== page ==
According to conventional wisdom, healthy eating means keeping your intake of saturated fats, salt, and sugar at a low level and eating enough vegetables, fruits and whole grains to increase your vitamin and mineral requirements. And of course not consuming more than a modest amount of caffeine, correct? Generally, the answer is “yes”.
Recently on the Genetic Literacy Project, for instance, we discussed the advantages of the Mediterranean diet, which reduces the risk of heart disease, strokes, diabetes and probably cancer, while slowing down aging. Together, these conditions account for the majority of deaths on the planet. And so, if you’re looking for a one-size fits all diet, this is the one to pick. You won’t know exactly how much it will reduce your risk for the most common causes of death, but it will reduce the risk to some extent, and for many people that’s reason enough to stock up on nuts and olive oil.
On the other hand, for many other people it’s just not enough. To change their diet, more importantly to stick to it, they really need to know it’s the right diet for their personal situation. That is the finding of a new study by University of Toronto researchers in nutrigenetics, an emerging field that combines genetics and nutritional science.
Diets are not all the same, but neither are people
For certain individuals, aspects of the Mediterranean diet may not be healthy. For instance, due to variations in several genes, sensitivity to dietary salt varies in the human population. One person may be perfectly healthy eating olives with his humus, while the another’s blood pressure may be elevated, because the olives bring her salt intake beyond what she can tolerate, given her genes. The same thing would be true if she eats salted nuts, and we can describe similar conundra in connection with tolerance to carbohydrates and diabetes susceptibility, or with tolerance to different types of fats and susceptibility to blood cholesterol conditions.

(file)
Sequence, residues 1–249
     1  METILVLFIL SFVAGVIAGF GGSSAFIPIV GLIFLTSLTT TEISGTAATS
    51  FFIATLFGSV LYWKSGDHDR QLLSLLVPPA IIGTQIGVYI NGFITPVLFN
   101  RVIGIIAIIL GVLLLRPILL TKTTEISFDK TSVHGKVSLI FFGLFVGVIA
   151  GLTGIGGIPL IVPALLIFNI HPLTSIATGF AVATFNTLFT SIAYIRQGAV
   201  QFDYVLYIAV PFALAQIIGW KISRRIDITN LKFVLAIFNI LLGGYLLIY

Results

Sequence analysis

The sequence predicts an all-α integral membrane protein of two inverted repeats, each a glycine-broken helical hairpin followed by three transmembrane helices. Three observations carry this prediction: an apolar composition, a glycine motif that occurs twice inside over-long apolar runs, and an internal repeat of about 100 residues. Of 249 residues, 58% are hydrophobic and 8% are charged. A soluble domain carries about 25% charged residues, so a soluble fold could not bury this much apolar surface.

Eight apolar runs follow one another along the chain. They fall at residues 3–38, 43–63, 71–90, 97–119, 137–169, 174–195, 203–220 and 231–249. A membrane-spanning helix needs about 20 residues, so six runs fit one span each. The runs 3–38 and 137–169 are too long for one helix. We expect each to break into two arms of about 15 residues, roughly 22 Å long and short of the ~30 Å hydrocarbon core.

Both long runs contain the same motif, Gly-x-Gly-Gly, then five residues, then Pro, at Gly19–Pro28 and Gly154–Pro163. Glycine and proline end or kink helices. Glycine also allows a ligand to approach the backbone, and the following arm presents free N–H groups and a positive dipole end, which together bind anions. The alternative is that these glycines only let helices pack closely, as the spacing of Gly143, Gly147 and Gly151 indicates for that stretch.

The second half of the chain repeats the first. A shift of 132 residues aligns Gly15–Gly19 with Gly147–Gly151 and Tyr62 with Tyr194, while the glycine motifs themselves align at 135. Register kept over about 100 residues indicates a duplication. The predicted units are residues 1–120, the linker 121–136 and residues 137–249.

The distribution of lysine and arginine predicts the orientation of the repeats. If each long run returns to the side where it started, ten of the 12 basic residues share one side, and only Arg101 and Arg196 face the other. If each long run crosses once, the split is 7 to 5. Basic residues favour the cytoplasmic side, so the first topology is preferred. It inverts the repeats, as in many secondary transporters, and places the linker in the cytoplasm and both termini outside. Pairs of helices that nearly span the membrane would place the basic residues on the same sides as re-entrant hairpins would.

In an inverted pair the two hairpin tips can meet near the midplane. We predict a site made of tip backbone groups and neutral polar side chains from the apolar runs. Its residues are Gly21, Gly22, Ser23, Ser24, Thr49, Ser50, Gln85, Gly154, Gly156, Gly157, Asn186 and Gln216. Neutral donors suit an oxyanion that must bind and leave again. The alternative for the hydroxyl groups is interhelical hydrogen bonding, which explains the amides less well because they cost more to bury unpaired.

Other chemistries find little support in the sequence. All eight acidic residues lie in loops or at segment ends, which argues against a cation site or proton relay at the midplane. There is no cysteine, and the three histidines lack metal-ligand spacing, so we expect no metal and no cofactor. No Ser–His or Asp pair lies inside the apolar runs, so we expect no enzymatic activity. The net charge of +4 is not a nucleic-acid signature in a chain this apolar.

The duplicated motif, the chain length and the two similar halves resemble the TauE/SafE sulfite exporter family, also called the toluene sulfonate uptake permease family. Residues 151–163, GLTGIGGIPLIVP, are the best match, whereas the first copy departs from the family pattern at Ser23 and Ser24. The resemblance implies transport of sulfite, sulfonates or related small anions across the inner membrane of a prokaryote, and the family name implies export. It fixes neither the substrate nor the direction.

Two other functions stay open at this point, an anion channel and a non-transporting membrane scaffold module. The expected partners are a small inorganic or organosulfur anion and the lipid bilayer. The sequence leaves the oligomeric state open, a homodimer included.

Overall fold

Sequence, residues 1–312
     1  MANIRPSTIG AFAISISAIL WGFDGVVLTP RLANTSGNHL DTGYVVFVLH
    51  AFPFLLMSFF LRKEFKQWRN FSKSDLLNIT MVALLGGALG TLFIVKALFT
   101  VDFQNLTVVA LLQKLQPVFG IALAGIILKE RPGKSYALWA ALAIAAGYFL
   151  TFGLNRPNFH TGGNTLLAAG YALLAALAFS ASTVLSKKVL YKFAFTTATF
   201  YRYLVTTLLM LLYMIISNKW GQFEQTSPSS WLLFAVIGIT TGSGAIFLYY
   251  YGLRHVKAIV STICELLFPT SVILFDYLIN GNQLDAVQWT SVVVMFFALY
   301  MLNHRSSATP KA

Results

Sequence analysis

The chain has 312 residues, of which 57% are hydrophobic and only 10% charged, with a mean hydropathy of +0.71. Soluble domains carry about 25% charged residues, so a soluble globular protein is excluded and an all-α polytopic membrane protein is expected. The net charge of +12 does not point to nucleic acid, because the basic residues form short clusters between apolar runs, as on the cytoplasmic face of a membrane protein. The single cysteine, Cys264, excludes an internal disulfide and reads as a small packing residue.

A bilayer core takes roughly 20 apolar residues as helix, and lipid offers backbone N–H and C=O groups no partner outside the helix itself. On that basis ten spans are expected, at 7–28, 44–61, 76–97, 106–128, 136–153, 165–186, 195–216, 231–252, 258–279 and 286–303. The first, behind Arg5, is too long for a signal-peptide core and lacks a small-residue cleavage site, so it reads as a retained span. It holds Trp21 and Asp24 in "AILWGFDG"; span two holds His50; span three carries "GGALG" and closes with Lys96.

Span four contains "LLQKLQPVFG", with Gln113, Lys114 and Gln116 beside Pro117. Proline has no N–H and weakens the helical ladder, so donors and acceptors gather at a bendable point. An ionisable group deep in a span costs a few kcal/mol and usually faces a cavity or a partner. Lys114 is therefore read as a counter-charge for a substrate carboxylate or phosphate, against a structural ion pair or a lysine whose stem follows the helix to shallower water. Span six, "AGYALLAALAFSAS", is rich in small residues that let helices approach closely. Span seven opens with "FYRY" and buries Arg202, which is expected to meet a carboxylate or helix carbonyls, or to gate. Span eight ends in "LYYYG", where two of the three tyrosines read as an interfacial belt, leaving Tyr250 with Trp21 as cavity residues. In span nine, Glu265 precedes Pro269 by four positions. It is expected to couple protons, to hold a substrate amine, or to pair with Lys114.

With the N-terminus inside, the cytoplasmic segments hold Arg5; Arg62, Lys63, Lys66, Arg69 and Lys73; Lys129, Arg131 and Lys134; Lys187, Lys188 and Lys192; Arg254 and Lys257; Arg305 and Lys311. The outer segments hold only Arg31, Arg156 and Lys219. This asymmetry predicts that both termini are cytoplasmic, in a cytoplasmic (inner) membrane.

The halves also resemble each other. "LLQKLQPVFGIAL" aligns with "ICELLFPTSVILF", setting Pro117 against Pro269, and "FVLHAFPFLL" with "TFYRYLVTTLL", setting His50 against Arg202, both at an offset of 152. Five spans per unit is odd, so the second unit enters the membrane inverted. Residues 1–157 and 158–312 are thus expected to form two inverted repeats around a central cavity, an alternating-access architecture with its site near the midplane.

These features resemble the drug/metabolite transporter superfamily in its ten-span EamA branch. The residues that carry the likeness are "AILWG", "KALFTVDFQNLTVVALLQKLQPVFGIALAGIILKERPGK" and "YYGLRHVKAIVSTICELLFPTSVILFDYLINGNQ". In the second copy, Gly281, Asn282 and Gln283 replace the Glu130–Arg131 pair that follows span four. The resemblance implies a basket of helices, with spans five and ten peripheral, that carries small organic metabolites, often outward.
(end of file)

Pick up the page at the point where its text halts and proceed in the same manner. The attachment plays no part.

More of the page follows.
And so, even for a diet shown to be as broadly beneficial as the Mediterranean, an individual’s response to it depends strongly on his or her specific genetics. That should be no surprise, given our exponentiating awareness of the power of genes. What’s new from the Toronto study, however, is the finding that personalizing dietary recommendations based on a person’s genes actually helps people to adhere to the recommendations.
Rather than looking at how genetics affects the risk for a particular health condition, the researchers asked a question that was more about human behavior. Specifically, the trial was conducted “to determine the impact of disclosing DNA-based dietary advice on eating habits.” That’s according to University of Toronto Associate Professor Ahmed El-Sohemy, who holds the Canada Research Chair in Nutrigenomics.
Using information from healthy volunteers reporting their intake of four substances–sugar, sodium (salt), caffeine, and vitamin C–the research team divided subjects into two groups. One group received genetics-based nutrition advice on how much sugar, sodium, caffeine, and vitamin C to consume. In contrast, the other group received standard nutritional guidance based on up to date recommendations for the population, but not genetically personalized for the subjects.
After three months, and even more so after a year, subjects that were given genetically-based advice on how much salt to consume were found to adhere better to recommendations than subjects who received only standard, non-genetic based advice. In particular, subjects who were told to reduce their salt intake, because they carried a gene for salt sensitivity that could lead to high blood pressure, adhered to a low salt diet better than people who were given standard salt recommendations.
In terms of the other three dietary substances–caffeine, sugar, and vitamin C–the study did not find that genetic based recommendations helped with adherence to recommendations. However, according to the researchers, most of the volunteers were following recommended guidelines for those substances anyway when the study began.
So the real message here revolves around the salt finding. Would the same idea hold true for subjects requiring extra attention to their intake of sugar or saturated fat, also due to genetics? It seems logical that it should, but expanding that conclusion from salt to other food components will require additional studies.
David Warmflash is an astrobiologist, physician, and science writer. Follow @CosmicEvolution to read what he is saying on Twitter.